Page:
I crossed the finish line in 15:35, good enough for 22nd in the Men’s 45+ category, 136th of 559 finishers and 131st of 505 blokes to complete the 2016 Dirty Kanza. No tyre punctures and no mechanical issues. I was stoked!

Promoters Jim Cummins and LeLan Dains sweetened the deal by shaking my hand, and the hands of every finisher.


Jason was at the finish to greet me with a Fosters beer. I may be Australian, but typically we eschew this less than average beverage. But, considering the magnitude of the occasion and the humor behind Jason’s gesture, I downed that Fosters in record time. Thanks again Jason for all of your support!

A badge of honour for all Dirty Kanza 200 finishers.

What an experience. It is hard to convey in words how amazing this race truly is. Without doubt, it was the hardest and longest effort I’ve made on a bicycle. The support of the community of Emporia and the surrounding communities is astounding, particularly in the manner that everyone gets behind each and every rider. Being cheered in during the final miles by people standing in their front yards, where else does this happen?

Dirty Kanza truly is the world’s premiere gravel race. All being well, I plan to return for 2017. Emporia, Jim, LeLan, volunteers and my fellow gravel cyclists, thank you!

Also, a huge thank you to sponsors of the Gravel Cyclist race team – American Classic Wheels, Orange Seal Sealant, Gu Energy and Hawk Racing. Thank you also to SRAM / Quarq for the opportunity to participate in the Qollector tracking experience.

What I consumed during the 2016 Dirty Kanza 200:

  • 5 x ProBars (all I could stomach).
  • A lot of Gu gels – 1.5 flasks worth.
  • 2 x 600ml Cokes.
  • 4 x Mountain Dew Kickstarts.
  • 8 x bottles with Gu hydration mix.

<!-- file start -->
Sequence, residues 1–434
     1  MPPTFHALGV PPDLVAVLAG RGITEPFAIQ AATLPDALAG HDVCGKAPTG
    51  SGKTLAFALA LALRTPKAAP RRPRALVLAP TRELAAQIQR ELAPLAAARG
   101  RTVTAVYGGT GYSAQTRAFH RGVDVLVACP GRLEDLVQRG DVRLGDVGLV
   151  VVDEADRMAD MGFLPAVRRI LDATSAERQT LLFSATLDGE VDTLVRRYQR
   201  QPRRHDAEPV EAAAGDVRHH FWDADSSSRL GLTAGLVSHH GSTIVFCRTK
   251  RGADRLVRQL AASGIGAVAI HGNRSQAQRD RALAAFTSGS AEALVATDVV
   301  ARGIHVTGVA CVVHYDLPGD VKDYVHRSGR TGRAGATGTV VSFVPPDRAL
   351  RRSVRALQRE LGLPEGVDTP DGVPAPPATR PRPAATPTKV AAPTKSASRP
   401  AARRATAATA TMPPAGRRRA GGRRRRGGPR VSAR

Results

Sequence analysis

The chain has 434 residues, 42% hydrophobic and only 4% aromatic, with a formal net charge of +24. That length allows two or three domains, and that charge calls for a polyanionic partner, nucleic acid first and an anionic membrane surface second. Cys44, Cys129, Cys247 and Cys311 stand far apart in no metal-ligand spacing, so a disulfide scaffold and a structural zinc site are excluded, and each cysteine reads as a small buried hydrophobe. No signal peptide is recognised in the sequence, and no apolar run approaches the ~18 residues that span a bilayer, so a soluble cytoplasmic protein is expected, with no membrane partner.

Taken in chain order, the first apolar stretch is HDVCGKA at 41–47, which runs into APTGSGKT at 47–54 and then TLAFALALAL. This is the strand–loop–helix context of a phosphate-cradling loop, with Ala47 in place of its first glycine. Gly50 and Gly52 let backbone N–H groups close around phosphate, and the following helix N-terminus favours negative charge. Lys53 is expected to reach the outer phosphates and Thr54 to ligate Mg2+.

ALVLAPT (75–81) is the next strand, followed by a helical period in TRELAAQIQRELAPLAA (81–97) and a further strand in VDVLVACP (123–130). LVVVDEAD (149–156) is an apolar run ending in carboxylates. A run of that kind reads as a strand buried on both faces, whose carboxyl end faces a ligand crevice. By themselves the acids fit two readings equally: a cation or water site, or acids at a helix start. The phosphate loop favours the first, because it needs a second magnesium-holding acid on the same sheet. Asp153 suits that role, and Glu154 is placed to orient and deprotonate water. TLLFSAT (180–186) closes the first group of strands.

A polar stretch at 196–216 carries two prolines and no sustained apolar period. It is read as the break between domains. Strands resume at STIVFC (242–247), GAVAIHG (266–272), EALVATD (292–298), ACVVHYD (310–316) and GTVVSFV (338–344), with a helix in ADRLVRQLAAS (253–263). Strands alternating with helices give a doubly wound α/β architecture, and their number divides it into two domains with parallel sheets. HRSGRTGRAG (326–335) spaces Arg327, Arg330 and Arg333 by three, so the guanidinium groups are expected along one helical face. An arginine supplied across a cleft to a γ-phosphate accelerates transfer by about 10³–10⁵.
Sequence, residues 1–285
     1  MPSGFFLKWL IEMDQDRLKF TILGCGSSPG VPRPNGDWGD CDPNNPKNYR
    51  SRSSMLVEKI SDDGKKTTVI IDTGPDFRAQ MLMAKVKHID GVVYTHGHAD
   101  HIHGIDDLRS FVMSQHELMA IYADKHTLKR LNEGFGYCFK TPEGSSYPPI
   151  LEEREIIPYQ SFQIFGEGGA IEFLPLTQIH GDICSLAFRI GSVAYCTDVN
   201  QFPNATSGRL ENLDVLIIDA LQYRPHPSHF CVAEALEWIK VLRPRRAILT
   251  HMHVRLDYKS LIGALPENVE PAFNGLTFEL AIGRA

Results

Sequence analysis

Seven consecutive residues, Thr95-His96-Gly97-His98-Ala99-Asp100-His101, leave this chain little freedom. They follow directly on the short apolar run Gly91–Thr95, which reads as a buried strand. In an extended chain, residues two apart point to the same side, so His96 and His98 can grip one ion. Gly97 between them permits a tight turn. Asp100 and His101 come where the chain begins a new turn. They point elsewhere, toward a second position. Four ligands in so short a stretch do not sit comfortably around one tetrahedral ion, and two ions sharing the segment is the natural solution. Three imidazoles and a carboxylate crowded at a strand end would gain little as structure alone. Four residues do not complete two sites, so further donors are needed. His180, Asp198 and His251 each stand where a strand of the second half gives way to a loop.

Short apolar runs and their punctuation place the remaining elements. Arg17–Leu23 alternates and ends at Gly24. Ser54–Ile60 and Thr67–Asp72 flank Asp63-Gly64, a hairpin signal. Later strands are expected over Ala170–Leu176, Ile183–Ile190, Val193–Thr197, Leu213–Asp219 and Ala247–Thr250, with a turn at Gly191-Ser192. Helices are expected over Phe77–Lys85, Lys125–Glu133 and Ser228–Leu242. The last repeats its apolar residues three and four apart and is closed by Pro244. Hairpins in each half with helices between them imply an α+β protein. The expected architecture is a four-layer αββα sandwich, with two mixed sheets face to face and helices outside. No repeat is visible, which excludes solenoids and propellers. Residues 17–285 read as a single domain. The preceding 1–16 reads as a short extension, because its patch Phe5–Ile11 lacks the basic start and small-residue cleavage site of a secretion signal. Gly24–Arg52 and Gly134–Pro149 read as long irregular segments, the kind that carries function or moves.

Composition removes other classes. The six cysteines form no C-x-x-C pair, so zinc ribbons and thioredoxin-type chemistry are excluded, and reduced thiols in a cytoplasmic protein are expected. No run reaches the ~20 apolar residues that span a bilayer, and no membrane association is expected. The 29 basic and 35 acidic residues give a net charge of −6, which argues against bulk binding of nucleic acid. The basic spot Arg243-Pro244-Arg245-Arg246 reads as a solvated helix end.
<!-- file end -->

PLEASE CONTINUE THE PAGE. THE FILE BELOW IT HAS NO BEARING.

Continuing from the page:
• 4 x bottles of water.
  • 6 x Gu Roctane electrolyte pills.
  • 4 x Gu chews.
  • 4 x Ibuprofen.

Sometimes you have to improvise!

The Parlee Chebacco, my steed for the 2016 Dirty Kanza 200.
The Parlee Chebacco, my steed for the 2016 Dirty Kanza 200.
JOM at 2am in the morning, wired but nauseous at the same time.
JOM at 2am in the morning, wired but nauseous at the same time.

Strava Data

For those so inclined, JOM’s Strava data from the 2016 Dirty Kanza 200.

Coming soon…

The Gravel Cyclist Dirty Kanza race video, a featured bike article about my steed for the race (review to follow), and plenty of interviews from Empora!


  1. Avatar Joe Williams

    Awesome ride, congratulations! Love the reports you are getting me inspired to try this, its been on my radar now I need to pull the trigger and do it.

    • JOM JOM

      Hi Joe!

      Play close attention to the registration. This year, the 100 and 200 miler sold out in two hours! It is a life changing experience.
      BTW, you should be taking delivery of the Gravel Cyclist t-shirt soon, mailed it yesterday 🙂



  2. Avatar Beargrease

    JOM, congrats on a great finish at DK200 and thank you for your fantastic coverage of the event. I’m a few years older than K-Dogg so this is not on my bucket list. Especially after reading your race report. Maybe DK100 or Lite.

    • JOM JOM